Indeed, on a Saturday in early December, every available surface, indoors and out, was being used in some fashion for the festivity.

A decoration assembly line set up shop at the dining room table, where Bailey's metal cookie cutters have become something of a running joke and a Rorshach test, of sorts. Depending on how they're decorated, it's anybody's guess whether a given cookie resembles a pine tree or a salamander.

Fresh-out-of-the-oven trays cooled on the patio and on the floor in the living room. The stove, the microwave, the mixer and a pizzelle waffle iron were all going at once. Empty wine bottles accumulated on a kitchen counter.

"No-bake is my thing because there's a lot of competition for the oven," said Sue LeGros of Burnsville, who mixed marshmallows, peanuts and chow mein noodles with semisweet and butterscotch chips to make haystacks.

Kerrie Leinmiller-Renick of St. Paul rested her phone on a kitchen ledge to check on her Pinterest-inspired recipe for sea salt, pretzel, butterscotch cookies.

At 23, Leinmiller-Renick is a newer addition to the club. She was invited to join by Bailey, her boss at DARTS.

"Coming from Kansas, I had no one," Leinmiller-Renick said. "The holidays are lonely. This is a blessing."

A college floormate of Bailey's, Jennifer Murray moved away before she ever got to participate in the early baking events. A few years ago she moved back to Woodbury, and now has four studs on her apron. As a relative newcomer, she feels the pressure to earn her keep.

"I really have to think of recipes that will be meaningful," she said as she sliced into a log of rosemary shortbread dough. "Everyone's been doing this so long."

To entertain the young kids over the years, Randy Bailey used to organize a craft-making station, known as Santa's Workshop, in the basement.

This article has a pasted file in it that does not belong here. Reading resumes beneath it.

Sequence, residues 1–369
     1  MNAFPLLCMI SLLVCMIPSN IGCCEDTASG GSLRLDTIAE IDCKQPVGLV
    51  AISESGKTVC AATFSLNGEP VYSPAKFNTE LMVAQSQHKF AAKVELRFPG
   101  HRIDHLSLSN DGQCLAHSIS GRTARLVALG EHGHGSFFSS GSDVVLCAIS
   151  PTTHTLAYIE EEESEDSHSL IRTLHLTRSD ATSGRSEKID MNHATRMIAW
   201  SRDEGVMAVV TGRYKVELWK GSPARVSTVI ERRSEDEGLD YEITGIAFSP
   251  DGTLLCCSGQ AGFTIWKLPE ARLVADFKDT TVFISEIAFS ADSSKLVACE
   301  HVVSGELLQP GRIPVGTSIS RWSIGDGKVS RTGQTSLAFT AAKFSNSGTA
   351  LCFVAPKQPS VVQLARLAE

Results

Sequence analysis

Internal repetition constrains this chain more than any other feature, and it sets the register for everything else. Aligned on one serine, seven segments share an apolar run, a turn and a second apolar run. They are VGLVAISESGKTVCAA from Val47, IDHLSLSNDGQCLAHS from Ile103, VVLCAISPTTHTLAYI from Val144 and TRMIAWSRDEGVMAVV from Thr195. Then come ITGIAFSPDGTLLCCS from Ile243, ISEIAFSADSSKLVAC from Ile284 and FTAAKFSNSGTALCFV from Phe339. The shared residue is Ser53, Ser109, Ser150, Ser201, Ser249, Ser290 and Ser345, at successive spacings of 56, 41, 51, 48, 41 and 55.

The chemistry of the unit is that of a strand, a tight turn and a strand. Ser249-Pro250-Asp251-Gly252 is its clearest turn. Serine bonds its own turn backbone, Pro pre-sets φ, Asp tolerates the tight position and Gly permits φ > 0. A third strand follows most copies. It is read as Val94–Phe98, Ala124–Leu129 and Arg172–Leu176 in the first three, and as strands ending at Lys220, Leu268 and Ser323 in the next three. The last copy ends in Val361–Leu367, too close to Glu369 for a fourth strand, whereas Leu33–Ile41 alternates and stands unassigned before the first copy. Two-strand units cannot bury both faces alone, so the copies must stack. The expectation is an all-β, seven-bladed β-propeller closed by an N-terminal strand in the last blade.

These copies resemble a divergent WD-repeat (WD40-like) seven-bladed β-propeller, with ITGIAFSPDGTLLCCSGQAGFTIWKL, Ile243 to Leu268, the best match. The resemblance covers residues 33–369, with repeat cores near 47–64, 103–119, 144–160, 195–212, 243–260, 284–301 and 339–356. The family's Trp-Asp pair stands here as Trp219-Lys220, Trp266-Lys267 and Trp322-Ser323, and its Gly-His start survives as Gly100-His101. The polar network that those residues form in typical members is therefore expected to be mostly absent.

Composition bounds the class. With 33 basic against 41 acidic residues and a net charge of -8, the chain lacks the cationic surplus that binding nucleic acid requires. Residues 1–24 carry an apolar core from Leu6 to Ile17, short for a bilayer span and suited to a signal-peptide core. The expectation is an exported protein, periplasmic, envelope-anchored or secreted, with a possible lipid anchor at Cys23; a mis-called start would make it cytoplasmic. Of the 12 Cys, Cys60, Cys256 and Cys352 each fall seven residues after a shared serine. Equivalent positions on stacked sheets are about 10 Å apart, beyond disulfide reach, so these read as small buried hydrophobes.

"One year my kids made birdhouses and they were thrilled," said Jan Armstrong, a 29-time baker from Eden Prairie. "To us, you would go and make cookies and goof around. But this was bigger than we anticipated."

Baking up a tradition

Now that most of the kids have grown up, Santa's Workshop is closed. The two remaining kids spend most of their time spreading neon frosting on Bailey's cutouts.

With their own twists, of course. Fifteen-year-old Grace Marek put a dollop of purple onto what appeared to be a sideways triangle on a stick. Was it a hatchet?

No, she said, "It's a megaphone for women's rights."

Grace also painted a Frida Kahlo unibrow on what should have been a cutout of a little old lady "with scoliosis," according to her mother Susan Marek, one of the original four bakers.

Beth Gunderson of St. Louis Park, another original baker, brought something new this year: a kitchen torch for browning the tops of her crème brûlée cookies, in honor of the fire she may or may not have started so long ago.

She put her daughter Rachel, 17, to work manning the flames.

"This is why we had children," Gunderson said, "to decorate."

Rachel has been coming to the cookie bake for 12 years, and plans to start her own when she goes off to college, she said. "I definitely feel like I'll continue this with my friends."

She browned another cookie top. Her mom had, quite literally, passed the torch.